How I Created My Custom Rating System

I’d previously discussed my many frustrations with the default 5-star rating system, and even done some preliminary “research” into upgrades and alternatives. But I was so used to assigning one convenient — if somewhat arbitrary — number and channeling the details and qualifications into my review. Change is hard.

Then Bookending Summer came around, so it was easy to add it to my Tidyathon list … and never actually sit down to create a new rating system. (I didn’t get around to most of my Tidyathon to-dos; we’re only tackling one of them in this post.)

Actually, I’d almost forgotten that this was something I wanted to do, until I checked my post schedule and saw that this one was coming up. So in true student fashion, I procrastinated then wrote this under deadline pressure; I don’t expect the product to be perfect, it’s a process.

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[Bloggers in the Attic] Teatime: Diverse Reads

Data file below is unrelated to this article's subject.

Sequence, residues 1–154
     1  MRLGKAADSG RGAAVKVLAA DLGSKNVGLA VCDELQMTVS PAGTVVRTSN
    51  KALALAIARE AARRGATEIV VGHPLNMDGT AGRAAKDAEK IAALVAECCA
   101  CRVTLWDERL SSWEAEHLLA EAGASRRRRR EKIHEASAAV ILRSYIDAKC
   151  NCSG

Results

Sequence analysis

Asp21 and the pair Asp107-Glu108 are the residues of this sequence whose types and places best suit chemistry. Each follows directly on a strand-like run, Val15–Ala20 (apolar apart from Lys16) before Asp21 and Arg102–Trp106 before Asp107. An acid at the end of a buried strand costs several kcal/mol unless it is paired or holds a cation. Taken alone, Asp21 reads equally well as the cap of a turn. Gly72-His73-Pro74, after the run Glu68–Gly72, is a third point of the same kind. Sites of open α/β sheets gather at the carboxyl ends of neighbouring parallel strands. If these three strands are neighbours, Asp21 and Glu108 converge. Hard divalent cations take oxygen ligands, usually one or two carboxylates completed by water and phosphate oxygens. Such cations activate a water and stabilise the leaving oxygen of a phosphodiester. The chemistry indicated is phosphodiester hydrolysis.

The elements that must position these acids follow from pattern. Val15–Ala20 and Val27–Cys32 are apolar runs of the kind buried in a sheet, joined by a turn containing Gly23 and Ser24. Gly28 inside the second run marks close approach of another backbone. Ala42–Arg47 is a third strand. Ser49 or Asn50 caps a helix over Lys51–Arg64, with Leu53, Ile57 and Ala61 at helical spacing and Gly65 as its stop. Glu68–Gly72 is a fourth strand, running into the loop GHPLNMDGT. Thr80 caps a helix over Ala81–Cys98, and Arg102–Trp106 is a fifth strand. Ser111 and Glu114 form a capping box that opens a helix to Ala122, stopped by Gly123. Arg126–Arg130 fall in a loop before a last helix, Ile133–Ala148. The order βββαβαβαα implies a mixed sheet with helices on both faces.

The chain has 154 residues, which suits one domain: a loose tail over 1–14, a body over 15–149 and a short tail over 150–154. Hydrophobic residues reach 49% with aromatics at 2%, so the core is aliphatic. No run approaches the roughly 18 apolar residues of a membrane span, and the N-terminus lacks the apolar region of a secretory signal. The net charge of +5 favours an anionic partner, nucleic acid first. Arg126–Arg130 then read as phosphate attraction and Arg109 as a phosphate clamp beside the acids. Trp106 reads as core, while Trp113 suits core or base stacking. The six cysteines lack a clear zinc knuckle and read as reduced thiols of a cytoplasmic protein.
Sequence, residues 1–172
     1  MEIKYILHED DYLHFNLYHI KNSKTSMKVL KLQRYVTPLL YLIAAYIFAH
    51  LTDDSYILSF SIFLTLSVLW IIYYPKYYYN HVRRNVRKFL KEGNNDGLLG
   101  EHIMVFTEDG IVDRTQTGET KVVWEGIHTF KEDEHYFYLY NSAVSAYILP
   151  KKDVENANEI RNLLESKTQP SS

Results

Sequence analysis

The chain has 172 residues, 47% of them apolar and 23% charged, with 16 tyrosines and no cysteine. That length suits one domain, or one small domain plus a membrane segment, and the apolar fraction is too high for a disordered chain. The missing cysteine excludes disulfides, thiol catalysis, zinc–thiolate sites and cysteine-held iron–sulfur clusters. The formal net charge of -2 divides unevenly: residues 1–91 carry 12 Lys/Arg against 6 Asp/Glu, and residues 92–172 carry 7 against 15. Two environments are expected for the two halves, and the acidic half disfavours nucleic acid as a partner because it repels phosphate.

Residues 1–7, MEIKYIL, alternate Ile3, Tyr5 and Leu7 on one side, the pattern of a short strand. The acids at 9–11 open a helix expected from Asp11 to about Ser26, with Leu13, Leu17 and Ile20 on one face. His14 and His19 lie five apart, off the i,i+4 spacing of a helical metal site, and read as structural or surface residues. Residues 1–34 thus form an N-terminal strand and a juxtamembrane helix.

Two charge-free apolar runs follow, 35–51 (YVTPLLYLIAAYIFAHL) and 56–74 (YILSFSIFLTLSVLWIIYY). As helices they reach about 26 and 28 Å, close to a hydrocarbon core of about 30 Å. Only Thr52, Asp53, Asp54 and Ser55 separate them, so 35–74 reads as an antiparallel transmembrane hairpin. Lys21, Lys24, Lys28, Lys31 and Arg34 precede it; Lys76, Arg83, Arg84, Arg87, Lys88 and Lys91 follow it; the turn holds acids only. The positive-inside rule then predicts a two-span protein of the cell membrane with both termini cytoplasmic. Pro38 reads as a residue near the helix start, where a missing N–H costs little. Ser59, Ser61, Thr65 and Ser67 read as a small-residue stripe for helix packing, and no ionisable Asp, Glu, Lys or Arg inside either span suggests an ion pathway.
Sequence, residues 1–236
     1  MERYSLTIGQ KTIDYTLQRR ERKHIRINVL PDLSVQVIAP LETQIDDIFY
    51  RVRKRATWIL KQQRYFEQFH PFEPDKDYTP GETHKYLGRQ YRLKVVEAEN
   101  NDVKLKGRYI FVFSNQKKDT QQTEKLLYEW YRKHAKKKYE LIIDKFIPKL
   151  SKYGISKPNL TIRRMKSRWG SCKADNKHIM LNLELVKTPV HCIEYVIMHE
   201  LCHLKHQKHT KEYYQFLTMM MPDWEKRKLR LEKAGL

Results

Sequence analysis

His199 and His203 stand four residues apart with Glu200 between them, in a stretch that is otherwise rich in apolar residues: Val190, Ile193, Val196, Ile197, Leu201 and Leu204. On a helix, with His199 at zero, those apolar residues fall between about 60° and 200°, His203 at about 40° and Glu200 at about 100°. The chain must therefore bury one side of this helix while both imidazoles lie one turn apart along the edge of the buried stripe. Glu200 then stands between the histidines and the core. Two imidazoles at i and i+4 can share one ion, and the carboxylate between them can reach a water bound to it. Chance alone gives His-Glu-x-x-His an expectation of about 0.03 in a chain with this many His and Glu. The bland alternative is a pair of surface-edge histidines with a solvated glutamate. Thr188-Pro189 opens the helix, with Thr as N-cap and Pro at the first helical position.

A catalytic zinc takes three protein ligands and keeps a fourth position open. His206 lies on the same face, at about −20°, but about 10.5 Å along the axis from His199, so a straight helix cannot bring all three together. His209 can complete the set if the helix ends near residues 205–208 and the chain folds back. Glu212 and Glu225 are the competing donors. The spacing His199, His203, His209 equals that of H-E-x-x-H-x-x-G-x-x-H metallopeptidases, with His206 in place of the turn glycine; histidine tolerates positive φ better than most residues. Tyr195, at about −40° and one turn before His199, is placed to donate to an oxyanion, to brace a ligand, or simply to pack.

Bloggers in the Attic is back again! This month we’re bringing you different takes on reading diversely: how it’s changed or helped us, regardless of whether you identify as #ownvoices or marginalized.

The Bloggers in the attic is a discussion chain. And what is a discussion chain? Well, it’s pretty simple.
Me and [SEVERAL] other bloggers united together to discuss a common topic and sharing our unique perspective. Camilla @ Reader in the Attic created the initiative with the wish to create a discussion space that could explore a normal topic for different parts of the world.
The rules to participate are pretty simple. So, if you ever wish to take part in future discussions, just contact camilla. Topics will be discussed bi-monthly, so the next round will be up in October. 

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Recommended Reads: Back to School

If I’ve learned anything from years of watching YouTube, it’s that timing is particularly tricky for back-to-school posts. Everyone has a different first day of classes, so you’re always going to be too early for someone and too late for someone else. (And, of course, there are always those who aren’t in school anymore and those who are but don’t want to think about it.)